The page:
It started many months ago as a hypothetical question posed over coffee, as many hypothetical questions are ought. “If you knew someone was struggling–really having a tough go at it–what would you do?”
There was a quiet pause as everyone’s eyes shifted to a different location—the wall, our coffee, the corner of the table, our shoes. Then the babble began.
“Take them to a funny movie.” “Kings Island, baby!” “Have them over for dinner.” “Take them dancing.” “Girls’ night out.” “Send them a balloon bouquet.” …
Unfortunately, the data our questioner shared with us shows that most of us—almost 90 percent of us—will ignore them. We didn’t believe it. So our questioner asked us to try a little experiment. “The next time you feel down, confide in a few people and see what happens.”
I guess I’m lucky that it took so long for me to feel “down,” but “down” is exactly how I felt for about a week here recently. I’m not talking suicidal. I’m talking about depression—probably even only low-level depression at that.
Getting out of bed was a major feat that felt like it sucked out every bit of energy I had. I skipped taking showers if I didn’t have client meetings, and I only put makeup on once that week. I took—on average—two naps per day and couldn’t even manage to walk my dogs around the block. I cried—on average—90 minutes out of every day. I checked facebook –on average—every 20 minutes instead of the once-every-three-days plan I had been checking; and I posted drunk messages, promptly deleting them the next day when there was only one or no responses. I bought and ate an entire box of double-stuffed oreos and then promptly threw them up. I counted every dumb thing I’d ever done, ever said, ever thought.
And then I remembered the challenge. “Tell someone.”
I mentioned it in casual conversation with a confidant. I wrote a brief post on facebook and left it up there for four days. I told my daughter. I told my dogs. I told a few friends that I see regularly…I summed it up in an e-mail to my long-time pen pal:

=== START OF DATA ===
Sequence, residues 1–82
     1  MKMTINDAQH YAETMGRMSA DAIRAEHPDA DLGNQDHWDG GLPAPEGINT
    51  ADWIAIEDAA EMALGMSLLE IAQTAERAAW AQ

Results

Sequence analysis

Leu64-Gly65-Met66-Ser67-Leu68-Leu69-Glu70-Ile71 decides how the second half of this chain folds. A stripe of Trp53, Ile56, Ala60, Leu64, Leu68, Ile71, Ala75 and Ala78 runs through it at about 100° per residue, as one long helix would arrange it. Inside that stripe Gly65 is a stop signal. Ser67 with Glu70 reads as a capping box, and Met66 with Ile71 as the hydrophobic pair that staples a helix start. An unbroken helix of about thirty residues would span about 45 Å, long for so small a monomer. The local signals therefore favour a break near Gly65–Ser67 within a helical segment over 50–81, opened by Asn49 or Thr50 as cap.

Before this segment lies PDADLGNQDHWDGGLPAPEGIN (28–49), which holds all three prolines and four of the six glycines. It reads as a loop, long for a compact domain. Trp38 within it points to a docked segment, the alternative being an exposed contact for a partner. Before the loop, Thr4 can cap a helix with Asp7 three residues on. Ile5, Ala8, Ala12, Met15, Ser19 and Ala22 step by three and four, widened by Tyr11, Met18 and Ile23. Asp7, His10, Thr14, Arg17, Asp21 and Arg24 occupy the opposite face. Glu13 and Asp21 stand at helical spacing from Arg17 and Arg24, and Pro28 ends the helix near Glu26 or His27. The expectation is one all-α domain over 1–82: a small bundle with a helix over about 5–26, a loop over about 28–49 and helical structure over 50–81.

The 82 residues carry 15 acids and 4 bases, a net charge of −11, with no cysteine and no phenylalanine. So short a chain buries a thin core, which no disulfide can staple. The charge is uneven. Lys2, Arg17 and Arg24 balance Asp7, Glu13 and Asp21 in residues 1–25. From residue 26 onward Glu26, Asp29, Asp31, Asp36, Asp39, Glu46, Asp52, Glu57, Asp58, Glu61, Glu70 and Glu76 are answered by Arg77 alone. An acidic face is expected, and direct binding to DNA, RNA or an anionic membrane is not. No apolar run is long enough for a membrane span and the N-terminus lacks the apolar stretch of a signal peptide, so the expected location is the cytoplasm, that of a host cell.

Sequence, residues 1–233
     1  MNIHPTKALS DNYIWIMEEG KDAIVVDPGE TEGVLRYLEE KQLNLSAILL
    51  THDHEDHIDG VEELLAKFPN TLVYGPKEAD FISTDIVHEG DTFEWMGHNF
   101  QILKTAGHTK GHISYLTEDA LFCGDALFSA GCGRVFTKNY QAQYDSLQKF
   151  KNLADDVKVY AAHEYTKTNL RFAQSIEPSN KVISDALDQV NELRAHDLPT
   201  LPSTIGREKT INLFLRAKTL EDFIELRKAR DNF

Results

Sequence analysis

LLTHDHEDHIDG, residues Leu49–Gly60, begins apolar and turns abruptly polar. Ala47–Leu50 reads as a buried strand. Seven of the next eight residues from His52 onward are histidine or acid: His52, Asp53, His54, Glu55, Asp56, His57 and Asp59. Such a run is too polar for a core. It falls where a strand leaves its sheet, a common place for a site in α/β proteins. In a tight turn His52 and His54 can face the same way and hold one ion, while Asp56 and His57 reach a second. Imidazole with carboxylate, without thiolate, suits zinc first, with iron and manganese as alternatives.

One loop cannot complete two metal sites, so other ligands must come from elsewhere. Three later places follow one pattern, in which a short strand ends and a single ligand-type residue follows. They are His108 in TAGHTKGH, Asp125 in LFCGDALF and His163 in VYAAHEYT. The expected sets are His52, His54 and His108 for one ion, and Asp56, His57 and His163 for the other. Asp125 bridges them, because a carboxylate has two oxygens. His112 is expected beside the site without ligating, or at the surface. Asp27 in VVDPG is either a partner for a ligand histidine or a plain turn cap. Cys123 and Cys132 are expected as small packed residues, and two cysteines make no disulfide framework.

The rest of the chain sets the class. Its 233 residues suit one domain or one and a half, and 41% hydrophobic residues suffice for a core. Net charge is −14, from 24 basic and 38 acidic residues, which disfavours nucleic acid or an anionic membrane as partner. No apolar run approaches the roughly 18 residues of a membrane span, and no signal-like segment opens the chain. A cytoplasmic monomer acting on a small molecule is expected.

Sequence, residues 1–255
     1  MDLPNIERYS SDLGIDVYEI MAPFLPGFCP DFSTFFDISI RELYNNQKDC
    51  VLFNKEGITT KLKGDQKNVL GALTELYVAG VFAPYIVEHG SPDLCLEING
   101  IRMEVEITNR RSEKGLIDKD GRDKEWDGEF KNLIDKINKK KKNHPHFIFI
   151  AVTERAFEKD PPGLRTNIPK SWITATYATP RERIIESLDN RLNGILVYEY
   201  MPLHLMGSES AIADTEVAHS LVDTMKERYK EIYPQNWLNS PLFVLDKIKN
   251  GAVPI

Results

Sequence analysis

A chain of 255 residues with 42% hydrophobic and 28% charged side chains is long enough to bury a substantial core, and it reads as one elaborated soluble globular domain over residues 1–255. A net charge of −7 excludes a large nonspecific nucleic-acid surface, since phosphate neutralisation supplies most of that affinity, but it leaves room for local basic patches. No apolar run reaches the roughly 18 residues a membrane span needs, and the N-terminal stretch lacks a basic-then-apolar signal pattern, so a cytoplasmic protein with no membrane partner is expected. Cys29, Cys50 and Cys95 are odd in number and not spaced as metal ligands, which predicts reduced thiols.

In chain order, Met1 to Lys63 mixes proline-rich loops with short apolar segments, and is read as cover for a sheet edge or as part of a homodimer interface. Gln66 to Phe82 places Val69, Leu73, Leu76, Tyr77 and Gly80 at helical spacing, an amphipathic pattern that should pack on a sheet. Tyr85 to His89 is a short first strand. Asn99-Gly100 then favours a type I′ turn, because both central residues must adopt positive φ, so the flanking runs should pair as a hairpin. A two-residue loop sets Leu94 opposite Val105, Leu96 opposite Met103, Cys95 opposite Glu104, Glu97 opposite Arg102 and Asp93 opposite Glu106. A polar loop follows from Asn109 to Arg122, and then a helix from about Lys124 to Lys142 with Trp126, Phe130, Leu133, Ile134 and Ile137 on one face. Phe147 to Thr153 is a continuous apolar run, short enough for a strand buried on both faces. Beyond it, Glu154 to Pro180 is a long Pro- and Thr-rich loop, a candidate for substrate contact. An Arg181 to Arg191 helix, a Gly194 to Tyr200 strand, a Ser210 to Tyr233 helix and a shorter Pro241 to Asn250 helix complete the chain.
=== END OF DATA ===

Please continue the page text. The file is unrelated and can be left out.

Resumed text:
Help! I’ve been feeling the sucking, draining onset of depression pulling at me. I’ve lost every bit of energy I own, and I can’t stop crying or feeling sorry for myself! Why? There’s nothing really wrong with me—I know that. But, I don’t even have the energy to go shower right now. I’m so lonely. I feel truly and completely alone, uncared for, unloved and worthless for anything but work—which makes me feel even more tired. I don’t see any joy in living. All I see is work and responsibilities and more work. Don’t worry—I’m not suicidal. But I feel like there’s no hope!
Did you ever read a short story called The Electric Ant in which a man is in a car accident only to find out he’s a robot, so he pulls his “tape” to find out how much of his life has been programmed? I read it years ago in philosophy class and somehow it’s stuck with me. The question being…was the accident programmed? Was his finding out he was programmed programmed? Anyway, I bring it up because I feel like I’ve discovered I’m a robot—programmed only to work and do what other people want—raise kids, make money, clean house, take care of parents and family. No fun, no emotions, no affection, no attention, no warmth, no rest, no reward—just work, work, work. Do you know how long it’s been since I’ve laughed? Or felt worthwhile…